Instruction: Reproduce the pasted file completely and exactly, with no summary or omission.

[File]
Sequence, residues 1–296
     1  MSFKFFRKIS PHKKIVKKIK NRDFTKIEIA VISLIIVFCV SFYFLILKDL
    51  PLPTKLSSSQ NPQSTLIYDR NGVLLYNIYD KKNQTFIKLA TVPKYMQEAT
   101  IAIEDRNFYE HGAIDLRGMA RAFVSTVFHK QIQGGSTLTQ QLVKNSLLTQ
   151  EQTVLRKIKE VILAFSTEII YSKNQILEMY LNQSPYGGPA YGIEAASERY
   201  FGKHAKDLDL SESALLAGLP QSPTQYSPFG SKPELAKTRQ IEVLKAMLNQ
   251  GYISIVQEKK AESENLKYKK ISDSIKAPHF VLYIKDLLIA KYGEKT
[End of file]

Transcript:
Sequence, residues 1–296
     1  MSFKFFRKIS PHKKIVKKIK NRDFTKIEIA VISLIIVFCV SFYFLILKDL
    51  PLPTKLSSSQ NPQSTLIYDR NGVLLYNIYD KKNQTFIKLA TVPKYMQEAT
   101  IAIEDRNFYE HGAIDLRGMA RAFVSTVFHK QIQGGSTLTQ QLVKNSLLTQ
   151  EQTVLRKIKE VILAFSTEII YSKNQILEMY LNQSPYGGPA YGIEAASERY
   201  FGKHAKDLDL SESALLAGLP QSPTQYSPFG SKPELAKTRQ IEVLKAMLNQ
   251  GYISIVQEKK AESENLKYKK ISDSIKAPHF VLYIKDLLIA KYGEKT